Avoid commenting on your direct sales’ representative’s posts or page with “I hope this helps you out!” or “I only bought $50 worth of stuff. I’m so sorry. I wish I could do more.” This sends the message to others who read the post that the products aren’t really worth buying and anyone who shops with the person is just doing it out of pity. This is not the impression anyone doing any type of sales work is trying to make.
Even if you did just buy from them as a favor, keep that information to yourself. Informing them, even privately, that you’ll “place one more order then you’re done,” or that you thought you’d “do this for them,” is embarrassing and discouraging.
Don’t flood or “spam” other people with the direct seller’s links or do anything else that could cause trouble in an attempt to help.
Wanting to support your friend who has just signed up for direct sales is admirable. And spreading the word for them will help. But just share their posts to your page, or let your friends and family members who might be interested in shopping with your direct selling friend know they are now a representative for the company. Filling everybody’s email inbox, messenger message inbox, or facebook wall with constant links from the direct sales company will only get everyone to ignore you.
Quietly mentioning that your friend sells for the company when the topic comes up in conversation, mentioning their sales when someone notices a perfume or household item you purchased from them, or even just announcing their new venture on your webpage or to your group of friends once or twice is much more helpful than sending all 200 of your facebook friends a link to 50 different products in their catalog every day. You don’t want people you know avoiding someone they haven’t even met yet.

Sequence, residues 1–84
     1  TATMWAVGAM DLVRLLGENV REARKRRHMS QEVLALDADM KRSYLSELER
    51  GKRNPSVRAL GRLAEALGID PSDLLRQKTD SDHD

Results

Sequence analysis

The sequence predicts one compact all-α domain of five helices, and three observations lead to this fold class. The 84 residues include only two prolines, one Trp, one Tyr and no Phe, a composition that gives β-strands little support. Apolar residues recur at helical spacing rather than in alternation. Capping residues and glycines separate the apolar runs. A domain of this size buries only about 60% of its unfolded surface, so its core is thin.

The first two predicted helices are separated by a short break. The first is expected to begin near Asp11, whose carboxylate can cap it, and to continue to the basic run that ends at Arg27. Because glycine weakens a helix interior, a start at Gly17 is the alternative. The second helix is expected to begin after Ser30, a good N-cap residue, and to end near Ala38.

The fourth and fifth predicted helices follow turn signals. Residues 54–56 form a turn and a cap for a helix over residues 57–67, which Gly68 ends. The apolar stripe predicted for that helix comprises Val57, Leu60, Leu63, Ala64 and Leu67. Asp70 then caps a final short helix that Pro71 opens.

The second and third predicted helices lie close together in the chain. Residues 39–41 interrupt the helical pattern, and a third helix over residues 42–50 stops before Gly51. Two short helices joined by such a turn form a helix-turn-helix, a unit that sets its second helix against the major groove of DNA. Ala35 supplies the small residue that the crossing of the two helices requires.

Make sure you’re allowed to distribute sales materials anywhere you decide to leave a brochure or catalog for your friend. Remember, their name and contact information is on it, so it’s going to look like they put the materials out there.
Don’t take advantage of the person to get free items or services.
There are some companies whose representatives sell their products by holding sales parties. These parties are often excuses for groups of friends to get together and hang out, even if everyone knows they’re mainly there to hear a sales pitch. And while it’s fine to allow a sales party from a home goods company to provide some of the beverages and snacks for your get together, or schedule a day of beauty with the cosmetics company representative you know, make sure at least half the people you invite are genuine potential customers. Scheduling a party with a representative only to take advantage of the free services and/or samples is not “giving them practice” for future parties. It’s wasting their time, energy, and supplies.
Supporting a friend in direct sales does not require filling your home with the products they sell, turning yourself into their assistant, or signing up to work under them. It only requires a bit of thoughtfulness and respect.
by Jess Szabo originally published on Artist Cafe Utica www.artistcafeutica.com